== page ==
Vlad SHOFEL, plaintiff-respondent, v. Samuel DaGROSSA, as executor of the estate of Maria DaGrossa, defendant third-party plaintiff-respondent, et al., defendants; C.B.S. Coverage Group, Inc., third-party defendant, Bagatta Associates, Inc., third-party defendant-appellant.
In an action to recover damages for personal injuries, the third-party defendant Bagatta Associates, Inc., appeals, as limited by its brief, from so much of an order of the Supreme Court, Kings County (Schmidt, J.), dated March 31, 2014, as denied those branches of its motion which were pursuant to CPLR 3211(a)(1) and (7) to dismiss the third-party complaint insofar as asserted against it.
ORDERED that the order is affirmed insofar as appealed from, with one bill of costs payable by the third-party defendant-appellant.
A party may move for judgment dismissing one or more causes of action asserted against it under CPLR 3211(a)(1) “on the ground that ․ a defense is founded upon documentary evidence.” A motion on this ground, however, “may be appropriately granted only where the documentary evidence utterly refutes plaintiff's factual allegations, conclusively establishing a defense as a matter of law” (Goshen v. Mutual Life Ins. Co. of N.Y., 98 N.Y.2d 314, 326; see Clarke v. Laidlaw Tr., Inc., 125 AD3d 920, 922; Attias v. Costiera, 120 AD3d 1281, 1282). “Neither affidavits, deposition testimony, nor letters are considered ‘documentary evidence’ within the intendment of CPLR 3211(a)(1)” (Granada Condominium III Assn. v. Palomino, 78 AD3d 996, 997; see Attias v. Costiera, 120 AD3d at 1283; Matter of Walker, 117 AD3d 838, 839; Fontanetta v. John Doe 1, 73 AD3d 78, 85). Here, the third-party defendant Bagatta Associates, Inc. (hereinafter BAI), failed to establish its entitlement to dismissal of the third-party complaint insofar as asserted against it based on a defense founded upon documentary evidence (see CPLR 3211[a] ). Accordingly, the Supreme Court properly denied that branch of BAI's motion which was to dismiss the third-party complaint insofar as asserted against it pursuant to CPLR 3211(a)(1).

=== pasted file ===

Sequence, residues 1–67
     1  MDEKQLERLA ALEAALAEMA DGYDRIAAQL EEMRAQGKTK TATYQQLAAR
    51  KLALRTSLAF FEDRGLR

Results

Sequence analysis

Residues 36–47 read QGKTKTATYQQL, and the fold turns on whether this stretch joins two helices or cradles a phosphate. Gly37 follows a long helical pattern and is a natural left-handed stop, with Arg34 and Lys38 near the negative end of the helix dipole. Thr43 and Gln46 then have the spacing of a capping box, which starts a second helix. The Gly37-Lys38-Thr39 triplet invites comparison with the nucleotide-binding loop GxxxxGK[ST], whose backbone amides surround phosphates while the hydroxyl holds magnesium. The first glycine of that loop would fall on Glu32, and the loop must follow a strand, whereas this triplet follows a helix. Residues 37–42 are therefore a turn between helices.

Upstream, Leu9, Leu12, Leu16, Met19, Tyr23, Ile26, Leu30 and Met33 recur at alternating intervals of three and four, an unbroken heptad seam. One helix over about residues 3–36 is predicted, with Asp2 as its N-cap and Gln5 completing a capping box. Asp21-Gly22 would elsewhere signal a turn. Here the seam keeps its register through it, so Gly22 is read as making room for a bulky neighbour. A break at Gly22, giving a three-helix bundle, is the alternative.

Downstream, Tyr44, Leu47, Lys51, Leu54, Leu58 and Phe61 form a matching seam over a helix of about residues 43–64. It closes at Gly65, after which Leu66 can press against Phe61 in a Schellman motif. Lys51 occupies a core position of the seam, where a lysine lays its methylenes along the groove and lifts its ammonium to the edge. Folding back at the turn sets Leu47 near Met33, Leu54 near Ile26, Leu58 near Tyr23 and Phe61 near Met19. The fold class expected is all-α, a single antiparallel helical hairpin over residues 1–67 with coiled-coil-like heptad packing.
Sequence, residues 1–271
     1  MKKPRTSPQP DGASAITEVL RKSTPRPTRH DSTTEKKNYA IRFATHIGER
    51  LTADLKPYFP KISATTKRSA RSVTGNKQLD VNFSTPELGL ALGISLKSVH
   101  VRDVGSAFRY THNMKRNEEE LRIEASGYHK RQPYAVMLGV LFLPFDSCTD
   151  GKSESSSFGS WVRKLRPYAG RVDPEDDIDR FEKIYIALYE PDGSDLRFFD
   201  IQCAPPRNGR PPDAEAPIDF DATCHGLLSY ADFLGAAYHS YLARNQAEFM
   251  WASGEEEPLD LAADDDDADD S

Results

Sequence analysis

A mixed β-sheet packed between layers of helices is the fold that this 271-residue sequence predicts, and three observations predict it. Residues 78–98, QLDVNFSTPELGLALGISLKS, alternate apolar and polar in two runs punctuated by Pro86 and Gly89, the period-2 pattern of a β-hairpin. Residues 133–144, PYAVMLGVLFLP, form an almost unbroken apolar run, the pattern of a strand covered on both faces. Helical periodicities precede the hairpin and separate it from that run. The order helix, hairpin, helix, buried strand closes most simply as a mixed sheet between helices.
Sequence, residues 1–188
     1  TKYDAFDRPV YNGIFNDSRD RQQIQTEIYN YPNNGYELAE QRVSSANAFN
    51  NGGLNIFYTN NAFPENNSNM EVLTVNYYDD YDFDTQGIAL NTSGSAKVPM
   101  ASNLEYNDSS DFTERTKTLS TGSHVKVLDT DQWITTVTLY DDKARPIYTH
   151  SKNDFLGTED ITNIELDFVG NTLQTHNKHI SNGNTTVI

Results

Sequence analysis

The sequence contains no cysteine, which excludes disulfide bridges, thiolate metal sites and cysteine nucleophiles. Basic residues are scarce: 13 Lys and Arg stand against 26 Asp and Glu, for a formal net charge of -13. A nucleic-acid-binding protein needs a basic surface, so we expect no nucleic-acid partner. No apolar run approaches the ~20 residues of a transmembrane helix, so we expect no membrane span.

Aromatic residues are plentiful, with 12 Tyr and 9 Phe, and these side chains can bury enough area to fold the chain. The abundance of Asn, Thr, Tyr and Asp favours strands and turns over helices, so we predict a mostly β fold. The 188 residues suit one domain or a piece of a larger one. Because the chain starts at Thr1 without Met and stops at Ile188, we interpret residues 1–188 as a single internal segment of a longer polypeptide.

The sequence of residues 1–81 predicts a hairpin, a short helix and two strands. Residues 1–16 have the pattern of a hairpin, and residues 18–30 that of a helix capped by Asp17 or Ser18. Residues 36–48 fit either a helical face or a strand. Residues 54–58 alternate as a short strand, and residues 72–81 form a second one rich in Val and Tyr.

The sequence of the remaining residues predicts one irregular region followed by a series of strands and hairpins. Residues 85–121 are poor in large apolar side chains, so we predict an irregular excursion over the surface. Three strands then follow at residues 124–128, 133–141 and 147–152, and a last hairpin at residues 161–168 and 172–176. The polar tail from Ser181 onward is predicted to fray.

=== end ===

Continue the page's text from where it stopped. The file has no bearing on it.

The Supreme Court also properly denied that branch of BAI's motion which was pursuant to CPLR 3211(a)(7). A court may consider evidentiary material submitted by a defendant in support of a motion to dismiss pursuant to CPLR 3211(a)(7) (see Sokol v. Leader, 74 AD3d 1180, 1181). Nonetheless, it must be kept in mind that a CPLR 3211(a)(7) motion is not a motion for summary judgment unless the court elects to so treat it under CPLR 3211(c), after giving adequate notice to the parties (see CPLR 3211[c]; Rovello v. Orofino Realty Co., 40 N.Y.2d 633, 635). Moreover, “[w]here evidentiary material is submitted and considered on a motion to dismiss a complaint pursuant to CPLR 3211(a)(7), and the motion is not converted into one for summary judgment, the question becomes whether the plaintiff has a cause of action, not whether the plaintiff has stated one, and unless it has been shown that a material fact as claimed by the plaintiff to be one is not a fact at all and unless it can be said that no significant dispute exists regarding it, dismissal should not eventuate” (Rabos v. R & R Bagels & Bakery, Inc., 100 AD3d 849, 851–852; see Guggenheimer v.. Ginzburg, 43 N.Y.2d 268, 274–275). Here, BAI's evidentiary submissions did not show that a material fact as claimed by the plaintiff to be one is not a fact at all and that no significant dispute exists regarding it.